of their particular beliefs by the truths and teachings of Masonry.
God is known by many names, and worshipped in many ways. There
is no religious bar to anyone who would become a Mason, provided
he is not an atheist. So, a Hindu, a Parsee, a Buddhist, a Moslem, a
Hebrew, a Christian can all agree on the inscription on our coins, In
God We Trust.
Everything in Masonry has reference to God, implies God, speaks of
God, and points and leads to God. Every degree, symbol, obligation,
lecture, charge, finds its meaning and derives its majesty from God,
the Great Architect and Master Builder of the Universe.
While Masonry is religious, it is not, even in the remotest sense, a
religion. Masonry has no creed, no confession of faith, no doctrinal
statement, no theology. Masonry does not assert and does not teach
that one religion is as good as another. It does not say that all religions are equal simply because men of all religions are Masons. It is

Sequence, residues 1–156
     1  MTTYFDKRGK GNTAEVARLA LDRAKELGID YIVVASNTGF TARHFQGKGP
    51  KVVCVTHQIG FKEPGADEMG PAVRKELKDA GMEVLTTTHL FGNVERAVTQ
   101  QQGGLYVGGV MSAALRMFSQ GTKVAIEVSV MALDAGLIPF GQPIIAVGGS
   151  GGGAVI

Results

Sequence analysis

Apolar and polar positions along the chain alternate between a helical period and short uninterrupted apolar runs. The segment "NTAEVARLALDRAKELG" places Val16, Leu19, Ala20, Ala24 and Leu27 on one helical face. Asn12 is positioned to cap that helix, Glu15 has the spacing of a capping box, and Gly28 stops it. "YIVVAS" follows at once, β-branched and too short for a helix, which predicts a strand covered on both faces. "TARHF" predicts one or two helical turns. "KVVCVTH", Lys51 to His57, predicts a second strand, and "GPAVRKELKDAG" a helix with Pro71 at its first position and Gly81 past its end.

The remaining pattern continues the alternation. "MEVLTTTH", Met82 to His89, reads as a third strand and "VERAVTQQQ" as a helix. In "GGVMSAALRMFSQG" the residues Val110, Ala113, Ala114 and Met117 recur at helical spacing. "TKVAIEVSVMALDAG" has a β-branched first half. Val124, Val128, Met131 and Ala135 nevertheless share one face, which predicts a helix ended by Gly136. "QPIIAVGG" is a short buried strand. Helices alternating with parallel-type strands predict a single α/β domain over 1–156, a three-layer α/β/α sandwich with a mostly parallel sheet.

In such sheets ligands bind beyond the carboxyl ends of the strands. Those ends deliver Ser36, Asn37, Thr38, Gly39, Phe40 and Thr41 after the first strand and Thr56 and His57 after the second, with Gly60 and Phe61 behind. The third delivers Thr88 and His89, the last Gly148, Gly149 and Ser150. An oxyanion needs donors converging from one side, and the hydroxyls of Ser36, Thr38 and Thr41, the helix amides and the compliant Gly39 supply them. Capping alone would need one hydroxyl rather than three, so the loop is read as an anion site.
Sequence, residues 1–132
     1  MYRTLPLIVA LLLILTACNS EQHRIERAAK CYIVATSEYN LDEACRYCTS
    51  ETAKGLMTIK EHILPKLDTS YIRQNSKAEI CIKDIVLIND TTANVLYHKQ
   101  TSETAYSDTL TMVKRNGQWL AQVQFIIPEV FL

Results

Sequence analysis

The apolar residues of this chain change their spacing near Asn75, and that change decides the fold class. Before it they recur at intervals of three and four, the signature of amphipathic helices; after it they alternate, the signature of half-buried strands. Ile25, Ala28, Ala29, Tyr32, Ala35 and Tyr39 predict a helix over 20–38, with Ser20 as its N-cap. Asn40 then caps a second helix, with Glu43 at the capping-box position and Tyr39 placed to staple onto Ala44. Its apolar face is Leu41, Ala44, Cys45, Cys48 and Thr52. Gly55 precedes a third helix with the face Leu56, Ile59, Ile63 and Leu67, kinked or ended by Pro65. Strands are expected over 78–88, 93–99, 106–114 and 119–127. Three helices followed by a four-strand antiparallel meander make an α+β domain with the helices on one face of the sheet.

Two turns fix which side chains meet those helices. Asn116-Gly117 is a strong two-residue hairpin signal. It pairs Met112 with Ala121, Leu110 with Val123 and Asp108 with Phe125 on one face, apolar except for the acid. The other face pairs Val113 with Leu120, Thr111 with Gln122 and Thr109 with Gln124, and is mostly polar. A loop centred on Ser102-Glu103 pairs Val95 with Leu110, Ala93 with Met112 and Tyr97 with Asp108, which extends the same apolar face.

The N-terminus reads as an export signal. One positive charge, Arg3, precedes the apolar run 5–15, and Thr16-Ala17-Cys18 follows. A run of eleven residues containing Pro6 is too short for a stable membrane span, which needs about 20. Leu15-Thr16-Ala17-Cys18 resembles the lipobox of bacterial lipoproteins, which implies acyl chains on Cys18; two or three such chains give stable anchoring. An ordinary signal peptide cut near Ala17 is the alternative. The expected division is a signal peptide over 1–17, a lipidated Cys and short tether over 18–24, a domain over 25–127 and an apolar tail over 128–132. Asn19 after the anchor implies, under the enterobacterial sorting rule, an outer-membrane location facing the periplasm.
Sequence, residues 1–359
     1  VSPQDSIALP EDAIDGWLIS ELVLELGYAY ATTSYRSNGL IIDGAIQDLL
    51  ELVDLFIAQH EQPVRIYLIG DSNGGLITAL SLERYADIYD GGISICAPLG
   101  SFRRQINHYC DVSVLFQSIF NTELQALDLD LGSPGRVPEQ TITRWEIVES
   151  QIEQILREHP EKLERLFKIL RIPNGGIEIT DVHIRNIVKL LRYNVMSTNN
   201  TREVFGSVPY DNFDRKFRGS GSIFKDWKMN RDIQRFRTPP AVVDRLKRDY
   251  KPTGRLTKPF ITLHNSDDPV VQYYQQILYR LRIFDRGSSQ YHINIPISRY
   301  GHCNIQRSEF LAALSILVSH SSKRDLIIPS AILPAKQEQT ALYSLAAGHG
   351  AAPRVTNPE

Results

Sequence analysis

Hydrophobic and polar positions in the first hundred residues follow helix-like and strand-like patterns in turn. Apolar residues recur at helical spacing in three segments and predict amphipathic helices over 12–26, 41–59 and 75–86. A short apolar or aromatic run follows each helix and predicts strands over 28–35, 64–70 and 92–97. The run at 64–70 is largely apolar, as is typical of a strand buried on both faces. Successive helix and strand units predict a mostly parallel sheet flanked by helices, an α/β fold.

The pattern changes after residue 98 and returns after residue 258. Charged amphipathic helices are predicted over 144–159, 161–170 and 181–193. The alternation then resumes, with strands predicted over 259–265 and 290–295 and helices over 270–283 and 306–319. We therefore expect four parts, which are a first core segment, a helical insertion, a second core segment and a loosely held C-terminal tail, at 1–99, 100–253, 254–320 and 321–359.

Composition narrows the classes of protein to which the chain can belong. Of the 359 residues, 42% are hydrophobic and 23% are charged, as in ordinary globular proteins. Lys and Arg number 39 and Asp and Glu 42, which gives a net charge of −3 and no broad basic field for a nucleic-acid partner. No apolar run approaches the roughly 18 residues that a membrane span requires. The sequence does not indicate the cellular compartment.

precisely because we are not a religion, we can come together as men
of faith. Masonry asks only if a man believes in God. If he were
asked if he believed in Christ, or Buddha, or Allah, that would be a
theological test involving a particular interpretation of God. Belief in
God is faith. Belief about God is theology.
From its very beginning, Masonry has been consistent that religion
and politics--are not suitable subjects for consideration within the
Lodge Room. Masonry believes in principles rather than political
programs. Principles unite men, political programs divide them. So
we are taught to leave our opinions on religion --and politics outside
the door of the Lodge Room.
While Masonry is not a religion, it is not anti-religious. We are a
completely tolerant body. It is a Brotherhood whose trust is in God.
Its stress has always been on character.